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Welsh in the Rhondda – it was our language too

03 Dec 2022 7 minute read
Dewi Sant, Saint David’s Day, image from the Senedd

Continuing our series by John Geraint, author of ‘The Great Welsh Auntie Novel’, and one of Wales’s most experienced documentary-makers. ‘John On The Rhondda’ is based on John Geraint’s popular Rhondda Radio talks and podcasts.

John Geraint

Shwmae? Did you go to the Welsh School? Did you send your children there? Are your grandchildren at Welsh School, perhaps? I bet someone you know is. So many families in areas that used to be thought of as English-speaking Wales, areas like the Rhondda, have an active connection with the Welsh language nowadays, and that’s great to see.

Back when I was in Junior School things were a bit different. On St. David’s Day, the girls would get dressed up in Welsh hats and shawls, the boys might wear a small cloth leek, we’d have a short Concert and sing Calon Lan maybe, and then we’d dash out of school for our half-day off – and that would be that, as far as Welshness was concerned, for the rest of the year.

Of course, it would have been different if I’d been at the Welsh School… ‘the Welsh School’ – it’s an odd phrase, isn’t it? I mean all the schools in Wales are Welsh. But back then there was only one Junior School in the whole Rhondda that taught in Welsh – Ysgol Gymraeg Ynyswen.

And when the Ynyswen children got to secondary school age, to continue their lessons in Welsh they had to be bussed out of the valley down to Rhydfelen, beyond Pontypridd.

It’s fair to say that many Rhondda people thought that sending your child to Rhydfelen was posh, and a bit snobby. But then people said that too about where I went, Porth County Grammar School, so who am I to talk?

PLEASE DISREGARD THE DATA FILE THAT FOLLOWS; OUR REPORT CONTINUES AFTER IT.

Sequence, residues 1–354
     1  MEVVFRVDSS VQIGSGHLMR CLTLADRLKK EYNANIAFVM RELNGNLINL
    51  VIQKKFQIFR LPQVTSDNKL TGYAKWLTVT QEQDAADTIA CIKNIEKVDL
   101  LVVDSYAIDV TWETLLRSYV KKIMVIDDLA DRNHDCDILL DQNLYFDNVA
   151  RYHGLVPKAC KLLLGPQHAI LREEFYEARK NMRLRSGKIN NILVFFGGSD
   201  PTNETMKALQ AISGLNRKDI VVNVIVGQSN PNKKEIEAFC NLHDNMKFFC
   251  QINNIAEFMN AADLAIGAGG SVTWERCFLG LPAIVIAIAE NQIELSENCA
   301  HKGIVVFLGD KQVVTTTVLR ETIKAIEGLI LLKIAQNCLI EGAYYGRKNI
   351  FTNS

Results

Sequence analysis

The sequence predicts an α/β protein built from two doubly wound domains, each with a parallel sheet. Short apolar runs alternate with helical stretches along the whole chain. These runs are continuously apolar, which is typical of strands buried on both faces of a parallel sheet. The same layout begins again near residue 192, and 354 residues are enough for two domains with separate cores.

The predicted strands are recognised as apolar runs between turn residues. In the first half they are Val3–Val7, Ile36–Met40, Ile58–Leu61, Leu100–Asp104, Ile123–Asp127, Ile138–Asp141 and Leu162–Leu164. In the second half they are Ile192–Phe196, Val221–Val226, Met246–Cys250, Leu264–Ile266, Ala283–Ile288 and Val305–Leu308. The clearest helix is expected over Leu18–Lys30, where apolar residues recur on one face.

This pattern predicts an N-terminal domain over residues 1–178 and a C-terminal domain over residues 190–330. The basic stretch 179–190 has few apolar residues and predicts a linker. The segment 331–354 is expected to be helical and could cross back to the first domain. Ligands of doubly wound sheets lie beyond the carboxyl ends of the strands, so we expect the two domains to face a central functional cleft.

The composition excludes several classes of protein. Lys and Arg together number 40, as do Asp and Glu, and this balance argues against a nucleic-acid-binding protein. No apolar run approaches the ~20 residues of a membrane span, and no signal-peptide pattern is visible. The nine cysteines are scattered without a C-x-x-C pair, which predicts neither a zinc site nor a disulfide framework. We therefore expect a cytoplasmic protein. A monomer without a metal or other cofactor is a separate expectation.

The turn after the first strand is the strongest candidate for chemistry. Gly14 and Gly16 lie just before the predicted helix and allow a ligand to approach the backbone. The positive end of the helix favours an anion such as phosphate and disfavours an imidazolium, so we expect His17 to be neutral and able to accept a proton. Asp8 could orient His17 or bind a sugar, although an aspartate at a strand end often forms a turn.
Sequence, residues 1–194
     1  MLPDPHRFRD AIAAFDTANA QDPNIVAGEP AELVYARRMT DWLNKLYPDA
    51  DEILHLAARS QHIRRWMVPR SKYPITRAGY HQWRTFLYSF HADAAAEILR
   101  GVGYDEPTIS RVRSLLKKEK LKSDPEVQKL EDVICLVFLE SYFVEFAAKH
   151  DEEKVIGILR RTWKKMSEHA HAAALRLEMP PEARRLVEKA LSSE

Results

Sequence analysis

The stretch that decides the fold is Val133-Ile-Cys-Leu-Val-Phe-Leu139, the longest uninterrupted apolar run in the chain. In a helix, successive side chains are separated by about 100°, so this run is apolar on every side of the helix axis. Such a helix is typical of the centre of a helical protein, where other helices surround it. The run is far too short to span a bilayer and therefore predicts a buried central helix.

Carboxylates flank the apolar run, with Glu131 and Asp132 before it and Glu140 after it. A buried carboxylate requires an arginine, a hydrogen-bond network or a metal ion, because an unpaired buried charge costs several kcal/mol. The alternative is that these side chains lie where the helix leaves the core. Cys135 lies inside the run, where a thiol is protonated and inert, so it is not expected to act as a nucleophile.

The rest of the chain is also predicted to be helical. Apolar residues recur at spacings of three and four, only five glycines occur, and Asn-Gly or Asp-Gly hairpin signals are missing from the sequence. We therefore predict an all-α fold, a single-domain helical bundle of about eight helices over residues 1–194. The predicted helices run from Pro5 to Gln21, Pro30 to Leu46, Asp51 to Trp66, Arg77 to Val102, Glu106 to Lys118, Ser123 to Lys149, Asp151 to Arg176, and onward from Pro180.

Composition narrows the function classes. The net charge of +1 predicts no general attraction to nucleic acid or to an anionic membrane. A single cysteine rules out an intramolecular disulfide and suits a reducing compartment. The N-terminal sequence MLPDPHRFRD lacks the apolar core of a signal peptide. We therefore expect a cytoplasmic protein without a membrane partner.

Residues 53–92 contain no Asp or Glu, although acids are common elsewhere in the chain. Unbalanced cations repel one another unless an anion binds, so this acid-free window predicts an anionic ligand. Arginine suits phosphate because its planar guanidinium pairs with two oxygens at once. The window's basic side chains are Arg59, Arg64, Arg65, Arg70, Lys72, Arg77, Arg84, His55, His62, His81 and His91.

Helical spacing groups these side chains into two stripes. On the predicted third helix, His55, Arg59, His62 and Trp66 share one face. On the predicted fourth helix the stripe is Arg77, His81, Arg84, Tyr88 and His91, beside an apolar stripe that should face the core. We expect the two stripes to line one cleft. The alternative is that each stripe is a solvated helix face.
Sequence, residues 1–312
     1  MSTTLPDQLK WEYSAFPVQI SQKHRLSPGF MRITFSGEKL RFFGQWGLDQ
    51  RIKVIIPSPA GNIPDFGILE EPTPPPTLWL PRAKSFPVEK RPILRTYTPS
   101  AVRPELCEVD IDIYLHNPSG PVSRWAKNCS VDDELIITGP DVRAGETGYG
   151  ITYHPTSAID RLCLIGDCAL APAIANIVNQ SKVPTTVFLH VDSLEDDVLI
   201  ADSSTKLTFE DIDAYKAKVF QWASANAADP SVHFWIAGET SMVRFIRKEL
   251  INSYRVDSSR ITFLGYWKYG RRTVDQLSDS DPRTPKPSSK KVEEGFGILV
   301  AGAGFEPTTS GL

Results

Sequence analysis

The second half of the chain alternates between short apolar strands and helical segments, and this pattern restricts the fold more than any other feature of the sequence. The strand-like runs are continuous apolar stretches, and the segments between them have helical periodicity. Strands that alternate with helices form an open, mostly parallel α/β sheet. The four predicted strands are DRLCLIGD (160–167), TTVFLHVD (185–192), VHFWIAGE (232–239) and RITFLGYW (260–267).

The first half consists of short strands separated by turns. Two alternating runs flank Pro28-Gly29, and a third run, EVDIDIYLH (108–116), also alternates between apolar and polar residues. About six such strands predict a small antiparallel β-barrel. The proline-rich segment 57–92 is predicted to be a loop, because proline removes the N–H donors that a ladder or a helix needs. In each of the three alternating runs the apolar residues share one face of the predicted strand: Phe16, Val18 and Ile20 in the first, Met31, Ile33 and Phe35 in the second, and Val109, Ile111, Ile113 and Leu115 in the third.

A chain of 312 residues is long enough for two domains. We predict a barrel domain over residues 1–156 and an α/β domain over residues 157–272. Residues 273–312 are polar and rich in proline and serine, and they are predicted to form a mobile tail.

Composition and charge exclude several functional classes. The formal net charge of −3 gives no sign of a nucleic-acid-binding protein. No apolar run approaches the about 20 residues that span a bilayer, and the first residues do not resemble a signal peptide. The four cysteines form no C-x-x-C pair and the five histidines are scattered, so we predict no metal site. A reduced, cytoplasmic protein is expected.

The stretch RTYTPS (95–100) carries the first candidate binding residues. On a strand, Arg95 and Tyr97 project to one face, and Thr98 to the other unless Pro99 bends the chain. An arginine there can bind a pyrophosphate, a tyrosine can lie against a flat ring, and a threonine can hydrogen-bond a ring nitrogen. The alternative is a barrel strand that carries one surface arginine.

In Porth, we were given the choice of two languages to learn – Welsh or French. French was a proper modern language, a language with a future, the Common Market and all of that. So almost all of my class decided to try to ‘parler français’.

But I was a contrary so-and-so. I chose Cymraeg. I reckoned I’d have a flying start with Welsh. After all, I’d been born in Llwynypia, been brought up in Penygraig, lived in Tylacelyn, gone to school in Hendrecafn, played in Penmaesglas, on Craig-yr-Eos and Carncelyn.

String all those place names together and you’d have practically passed the O level Oral Exam without trying! And the English we spoke, though we might not have realised it, was full of Welsh too.

“There’s a bwgibo up that gwli!”

Duw, don’t talk twp, myn, and gi’s an ansh of your apple.”

Our language

When I got to my O level year, the set poem for group recital in the Urdd Eisteddfod turned out to be Y Ffynhonnau. It means something like ‘The Mountain Springs’, I suppose.

It’s an epic poem, all about the Rhondda, by local minister Rhydwen Williams – a kaleidoscope of the Valley’s long history, coal mines and boxing booths, chip shops and sarsaparilla fountains, chapels and the Holy Well at Penrhys, all done by a chorus of voices speaking proper Rhondda Welsh, with a sprinkling of English phrases thrown in, naturally.

So it was natural for us in Porth County to have a crack at it. And it’s still one of my proudest achievements that we did it, we won First Prize in the Eisteddfod – we beat Rhydfelen at their own language… ‘their own language’ – there you go, another strange phrase.

We did think of Welsh like that, but it was our language too.

I was lucky in Porth County: I had a succession of brilliant and committed Welsh teachers – Berian Davies and Delyth John, Olwen Peters and Eleanor Aubrey.

Eventually, thanks to them, and a summer spent working on a couple of farms in Carmarthenshire, I became fluent in Welsh – well, fluent enough to make TV programmes in the language anyway.

Spirit of Rhondda

By then, Welsh had begun to flourish again in the Rhondda. There were five Welsh-language junior schools – Llwyncelyn and Bronllwyn, Bodringallt and Llyn y Forwyn in Ferndale, as well as Ynyswen – and a big Comprehensive in Cymmer. Welsh was popular now, not posh.